How to Start Seeds Indoors (the easy way!)

Here in southern Connecticut (USDA Zone 7a), late winter through early spring is the time to start seeds indoors, because frost-tender plants like tomatoes cannot go into the garden until mid to late May. However, those seeds can be started indoors weeks before they go out into the garden. Also, you can get a jump on the growing season by putting plants in the garden rather than sowing seed directly in the soil.

How to start seeds indoors - the easy way!

This post may contain affiliate links – meaning I receive tiny commissions for purchases made through those links at no cost to you. Please read my disclosure policy for more information.

Where to Buy Seeds

I think every gardener pours over seed catalogs on snowy winter days. The photos of beautiful crops get us dreaming of warm summer days outside tending the garden, and wishing spring would hurry up and get here!

Not only are catalogs wishbooks, but they also contain tons of information on different varieties, disease resistant plants, and information on how to grow each variety. Click on the link for a list of where to get free catalogs: 87 Free Seed Catalogs

You can also get seeds at garden centers, Home Depot, Lowe’s and hardware stores. I get many common varieties from a local discount store where seeds are 40-50% off the list price. I’ve even bought seeds at Dollar Tree – 5 packets for $1.00! For special or unusual varieties, I buy from catalogs, online seed suppliers, and the annual Connecticut Flower & Garden Show.

Indoor Seed Starting (the easy way)

To grow, seeds need warmth, moisture and light. My secret? What I have been using for the past 10 years, is an Aerogarden. The model I have is a small, fits-in-a-corner style, and it has the capacity for 6 plants.

There are different sizes and capacities available, but this one works perfect for me. Once the seeds start and get a few leaves on them, I transplant the seedlings into small pots and then start another round of seeds in the Aerogarden.

Setting Up the Aerogarden – 7 easy steps

  • Fill the Aerogarden with water
  • Place the lid back on
  • Insert peat plugs into the holes in the lid
Insert peat plugs into the holes in the lid of the Aerogarden to start seeds indoors - the easy way.

A new Aerogarden will come with some peat plugs. Once you use them up, you can get more, but these are far less expensive than the name brand.

  • Place one or two seeds in the hole of each peat plug
  • Cover the seeds by scratching off a little of the peat, using the tip of a pencil
Place seeds into the peat plugs, and cover with peat, using the tip of a pencil - to start seeds indoors - the easy way.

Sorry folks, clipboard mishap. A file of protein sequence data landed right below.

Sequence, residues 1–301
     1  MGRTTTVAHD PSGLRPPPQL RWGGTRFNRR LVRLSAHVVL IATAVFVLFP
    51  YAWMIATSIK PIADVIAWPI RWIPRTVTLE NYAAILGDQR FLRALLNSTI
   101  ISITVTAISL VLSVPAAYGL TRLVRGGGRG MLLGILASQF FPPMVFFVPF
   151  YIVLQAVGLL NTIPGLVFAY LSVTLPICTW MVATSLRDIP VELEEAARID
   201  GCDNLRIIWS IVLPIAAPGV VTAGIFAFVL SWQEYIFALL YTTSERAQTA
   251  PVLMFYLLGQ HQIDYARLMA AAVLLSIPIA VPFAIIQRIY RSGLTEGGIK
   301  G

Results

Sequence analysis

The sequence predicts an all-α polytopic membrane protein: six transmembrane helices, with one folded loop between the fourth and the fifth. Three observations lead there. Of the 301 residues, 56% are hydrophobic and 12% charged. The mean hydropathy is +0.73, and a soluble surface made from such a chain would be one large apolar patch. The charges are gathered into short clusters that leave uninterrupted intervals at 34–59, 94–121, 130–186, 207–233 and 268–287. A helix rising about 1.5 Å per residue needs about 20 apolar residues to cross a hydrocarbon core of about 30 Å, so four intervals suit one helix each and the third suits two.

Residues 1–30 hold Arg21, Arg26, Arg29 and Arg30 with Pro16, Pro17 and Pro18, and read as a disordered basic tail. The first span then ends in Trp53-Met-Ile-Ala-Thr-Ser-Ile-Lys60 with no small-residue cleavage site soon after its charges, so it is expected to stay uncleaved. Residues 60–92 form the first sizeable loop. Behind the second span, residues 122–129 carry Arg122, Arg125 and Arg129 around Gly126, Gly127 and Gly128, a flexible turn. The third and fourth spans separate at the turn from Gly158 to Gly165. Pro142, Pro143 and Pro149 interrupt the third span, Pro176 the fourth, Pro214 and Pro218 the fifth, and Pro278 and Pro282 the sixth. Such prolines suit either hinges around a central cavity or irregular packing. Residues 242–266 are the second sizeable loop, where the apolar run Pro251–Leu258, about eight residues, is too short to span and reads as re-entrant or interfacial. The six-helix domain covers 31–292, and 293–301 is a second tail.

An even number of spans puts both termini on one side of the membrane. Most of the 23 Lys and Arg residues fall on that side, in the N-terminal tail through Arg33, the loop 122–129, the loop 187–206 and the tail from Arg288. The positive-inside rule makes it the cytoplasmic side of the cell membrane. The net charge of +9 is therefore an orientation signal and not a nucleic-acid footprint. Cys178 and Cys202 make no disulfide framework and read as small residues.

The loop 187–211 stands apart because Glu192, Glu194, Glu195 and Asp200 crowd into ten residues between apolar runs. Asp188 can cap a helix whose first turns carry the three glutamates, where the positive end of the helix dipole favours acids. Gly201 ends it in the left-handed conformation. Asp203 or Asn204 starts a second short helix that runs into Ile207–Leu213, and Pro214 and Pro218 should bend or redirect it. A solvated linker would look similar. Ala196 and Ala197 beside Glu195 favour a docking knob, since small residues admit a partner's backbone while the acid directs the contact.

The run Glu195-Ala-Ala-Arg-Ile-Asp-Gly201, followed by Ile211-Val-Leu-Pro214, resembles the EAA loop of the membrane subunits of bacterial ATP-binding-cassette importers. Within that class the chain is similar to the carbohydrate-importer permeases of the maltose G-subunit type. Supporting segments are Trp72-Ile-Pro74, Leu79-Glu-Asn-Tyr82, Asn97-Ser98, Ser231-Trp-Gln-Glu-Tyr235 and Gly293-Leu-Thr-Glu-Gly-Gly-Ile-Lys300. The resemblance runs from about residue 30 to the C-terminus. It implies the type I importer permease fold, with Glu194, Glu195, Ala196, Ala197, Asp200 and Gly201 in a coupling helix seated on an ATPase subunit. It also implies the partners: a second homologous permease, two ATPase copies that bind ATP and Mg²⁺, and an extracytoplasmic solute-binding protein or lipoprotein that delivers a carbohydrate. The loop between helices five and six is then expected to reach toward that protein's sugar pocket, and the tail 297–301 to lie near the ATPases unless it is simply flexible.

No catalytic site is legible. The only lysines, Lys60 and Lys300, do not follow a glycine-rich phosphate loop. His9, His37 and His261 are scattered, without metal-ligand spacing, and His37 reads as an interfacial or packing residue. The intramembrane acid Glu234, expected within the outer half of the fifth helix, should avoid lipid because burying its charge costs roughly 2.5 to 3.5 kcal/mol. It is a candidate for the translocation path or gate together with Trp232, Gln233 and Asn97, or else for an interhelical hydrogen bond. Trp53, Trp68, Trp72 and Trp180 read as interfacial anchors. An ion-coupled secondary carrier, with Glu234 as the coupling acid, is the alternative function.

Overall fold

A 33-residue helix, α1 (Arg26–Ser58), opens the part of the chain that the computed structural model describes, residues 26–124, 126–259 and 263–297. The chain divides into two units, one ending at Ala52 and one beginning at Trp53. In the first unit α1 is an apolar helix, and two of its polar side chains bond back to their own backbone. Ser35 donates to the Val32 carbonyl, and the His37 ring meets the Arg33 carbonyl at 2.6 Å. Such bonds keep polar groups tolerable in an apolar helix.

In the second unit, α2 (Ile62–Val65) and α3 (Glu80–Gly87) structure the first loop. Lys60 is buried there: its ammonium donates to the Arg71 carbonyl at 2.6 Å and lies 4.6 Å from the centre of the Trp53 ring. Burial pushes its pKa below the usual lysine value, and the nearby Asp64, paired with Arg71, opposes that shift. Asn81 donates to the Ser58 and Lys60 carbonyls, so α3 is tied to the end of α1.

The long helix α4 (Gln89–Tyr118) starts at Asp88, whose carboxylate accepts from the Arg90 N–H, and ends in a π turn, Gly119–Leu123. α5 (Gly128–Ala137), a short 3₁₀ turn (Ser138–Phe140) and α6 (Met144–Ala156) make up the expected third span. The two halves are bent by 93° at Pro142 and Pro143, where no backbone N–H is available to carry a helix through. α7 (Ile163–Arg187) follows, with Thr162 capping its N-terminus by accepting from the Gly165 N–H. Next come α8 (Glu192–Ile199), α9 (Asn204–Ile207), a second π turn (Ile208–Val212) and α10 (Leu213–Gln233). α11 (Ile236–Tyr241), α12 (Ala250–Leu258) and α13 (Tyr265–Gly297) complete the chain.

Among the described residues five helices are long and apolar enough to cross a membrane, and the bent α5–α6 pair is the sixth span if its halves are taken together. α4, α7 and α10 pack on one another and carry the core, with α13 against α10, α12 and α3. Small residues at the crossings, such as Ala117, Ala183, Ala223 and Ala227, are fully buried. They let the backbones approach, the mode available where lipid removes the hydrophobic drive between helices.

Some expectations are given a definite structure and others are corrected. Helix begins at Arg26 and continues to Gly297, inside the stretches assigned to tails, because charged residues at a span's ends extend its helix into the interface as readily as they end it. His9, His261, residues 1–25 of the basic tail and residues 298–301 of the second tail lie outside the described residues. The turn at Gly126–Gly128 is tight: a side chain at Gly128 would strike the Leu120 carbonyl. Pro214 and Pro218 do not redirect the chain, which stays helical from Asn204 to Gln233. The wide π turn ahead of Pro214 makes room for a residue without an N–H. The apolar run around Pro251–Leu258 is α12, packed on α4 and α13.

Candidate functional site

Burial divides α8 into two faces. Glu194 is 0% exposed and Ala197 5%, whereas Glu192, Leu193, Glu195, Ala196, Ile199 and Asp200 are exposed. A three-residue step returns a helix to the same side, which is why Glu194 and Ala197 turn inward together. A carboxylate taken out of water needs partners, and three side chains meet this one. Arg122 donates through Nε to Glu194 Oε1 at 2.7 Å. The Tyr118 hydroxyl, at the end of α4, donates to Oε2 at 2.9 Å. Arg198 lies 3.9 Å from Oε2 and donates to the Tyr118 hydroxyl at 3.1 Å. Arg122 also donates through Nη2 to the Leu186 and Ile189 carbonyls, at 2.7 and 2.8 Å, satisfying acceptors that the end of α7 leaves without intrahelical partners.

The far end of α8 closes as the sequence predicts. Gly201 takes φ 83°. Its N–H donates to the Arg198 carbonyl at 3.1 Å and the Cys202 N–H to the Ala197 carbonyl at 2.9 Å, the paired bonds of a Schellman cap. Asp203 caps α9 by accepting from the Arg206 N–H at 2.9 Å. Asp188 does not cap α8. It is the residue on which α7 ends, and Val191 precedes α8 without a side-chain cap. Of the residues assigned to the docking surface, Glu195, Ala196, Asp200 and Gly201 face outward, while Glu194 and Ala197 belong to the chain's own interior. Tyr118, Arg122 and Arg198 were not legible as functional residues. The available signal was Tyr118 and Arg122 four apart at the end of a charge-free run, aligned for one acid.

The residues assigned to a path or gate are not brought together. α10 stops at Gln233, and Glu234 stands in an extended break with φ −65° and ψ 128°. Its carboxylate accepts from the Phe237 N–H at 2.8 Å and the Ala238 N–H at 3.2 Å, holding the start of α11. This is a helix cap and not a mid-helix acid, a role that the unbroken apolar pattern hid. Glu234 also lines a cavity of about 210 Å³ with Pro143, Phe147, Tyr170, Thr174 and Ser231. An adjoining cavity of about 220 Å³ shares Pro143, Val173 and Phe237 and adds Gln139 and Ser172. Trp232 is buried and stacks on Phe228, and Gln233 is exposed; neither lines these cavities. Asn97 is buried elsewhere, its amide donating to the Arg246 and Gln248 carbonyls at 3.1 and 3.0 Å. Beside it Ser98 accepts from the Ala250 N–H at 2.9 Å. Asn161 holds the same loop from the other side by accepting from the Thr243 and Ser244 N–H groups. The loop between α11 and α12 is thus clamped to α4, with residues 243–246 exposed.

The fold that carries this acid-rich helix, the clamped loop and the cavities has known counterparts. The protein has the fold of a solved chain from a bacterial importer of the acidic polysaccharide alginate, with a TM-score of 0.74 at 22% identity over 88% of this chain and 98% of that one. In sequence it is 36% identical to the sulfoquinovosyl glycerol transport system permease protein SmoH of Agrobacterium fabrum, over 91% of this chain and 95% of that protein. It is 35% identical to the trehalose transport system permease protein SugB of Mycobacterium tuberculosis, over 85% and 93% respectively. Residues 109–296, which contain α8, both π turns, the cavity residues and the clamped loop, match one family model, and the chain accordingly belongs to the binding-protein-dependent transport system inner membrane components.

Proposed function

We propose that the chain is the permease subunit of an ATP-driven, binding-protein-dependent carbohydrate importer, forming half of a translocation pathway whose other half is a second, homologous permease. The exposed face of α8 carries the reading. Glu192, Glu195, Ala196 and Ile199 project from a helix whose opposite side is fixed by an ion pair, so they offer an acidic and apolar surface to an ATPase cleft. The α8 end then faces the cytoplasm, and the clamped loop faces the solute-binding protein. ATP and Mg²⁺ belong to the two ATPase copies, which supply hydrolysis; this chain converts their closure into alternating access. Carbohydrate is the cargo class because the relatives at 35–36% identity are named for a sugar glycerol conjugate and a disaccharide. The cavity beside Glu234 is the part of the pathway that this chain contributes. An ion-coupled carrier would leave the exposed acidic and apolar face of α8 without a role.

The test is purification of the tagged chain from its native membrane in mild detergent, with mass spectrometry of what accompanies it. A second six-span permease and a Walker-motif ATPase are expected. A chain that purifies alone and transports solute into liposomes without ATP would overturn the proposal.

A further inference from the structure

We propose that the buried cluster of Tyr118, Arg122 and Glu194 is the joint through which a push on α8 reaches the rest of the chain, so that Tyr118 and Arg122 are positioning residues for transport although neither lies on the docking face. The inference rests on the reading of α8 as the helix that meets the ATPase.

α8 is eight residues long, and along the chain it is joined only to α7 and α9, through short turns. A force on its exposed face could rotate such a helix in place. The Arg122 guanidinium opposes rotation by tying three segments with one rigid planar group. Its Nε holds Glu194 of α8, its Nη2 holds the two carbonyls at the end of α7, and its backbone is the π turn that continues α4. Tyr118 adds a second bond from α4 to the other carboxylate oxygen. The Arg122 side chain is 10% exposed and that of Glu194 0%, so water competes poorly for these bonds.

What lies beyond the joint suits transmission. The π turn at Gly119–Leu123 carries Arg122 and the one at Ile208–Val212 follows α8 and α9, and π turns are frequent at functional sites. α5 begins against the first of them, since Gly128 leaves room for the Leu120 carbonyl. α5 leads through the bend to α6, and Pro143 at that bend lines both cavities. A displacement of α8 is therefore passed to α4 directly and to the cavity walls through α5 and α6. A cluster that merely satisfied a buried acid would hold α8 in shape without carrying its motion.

• Cover each peat plug with the little clear plastic caps that come with the Aerogarden
  • Plug in the Aerogarden and push the button!
Seeds planted in peat plugs in the lid of the Aerogarden - to start seeds indoors - the easy way.

Once all the peat plugs are planted, push the button on the Aerogarden that corresponds to what you have planted. Since I planted tomatoes and pepper seeds, I set mine for Vegetables. The other choices are herbs, flowers, salad greens and live plants.


If you have raised up the light assembly during planting, move it down to the lowest setting so it is closer to the newly planted seeds. As the plants grow, you just move the light assembly up so the leaves aren’t touching the light bulbs.

Once the garden is plugged in, the grow lights will turn on and off automatically depending on the chosen setting, and give the seedlings enough light and heat. I also skootch my houseplants close to the garden so they too can benefit from the grow lights.

Nutrients for Your Seedlings

The Aerogarden comes with fertilizer tablets that are added when the red light for “add nutrients” comes on. Since I grow my edibles organically, I use fish emulsion diluted with room temperature water.

Hardening off the seedlings

Before the plants can be planted directly into the garden, they need to acclimate to the cooler temperature outside. Remember, these little babies have been growing in a nice warm and well-lit indoor environment!

When they get to be a few inches tall and have a few sets of leaves, I transplant them into 3-4″ plastic pots with a mixture of potting soil and seed starting soil. I find that the potting soil is too dense for their tiny root system, and the seed starting mix that comes in bags is too fluffy, dry and light to hold enough water. I make a 50/50 mix of both types of planting medium in a 5 gallon bucket, and use that for transplants.

Mini greenhouse used to harden off seedlings and store plants purchased from the garden center.

Once transplanted, the plants now go into the little greenhouse I set up on the back deck. I’ve had my greenhouse for at least 10 years, and it is perfect!

At the end of the season, I wash it down with the garden hose, disassemble it, and store it in the garage for the next year. There’s enough room for all my seedlings, plus any plants I buy from the nursery.

The plastic cover unzips, so if it gets cold, the plants are protected. During the day when it’s warm, I roll up the front of the greenhouse, and there are ties that keep it rolled neatly at the top.

And that is IT!

Once the seedlings get a few sets of leaves on them, and the soil has warmed up, it will be time to plant them in your new vegetable garden.

Congratulations! You have just started seeds indoors!!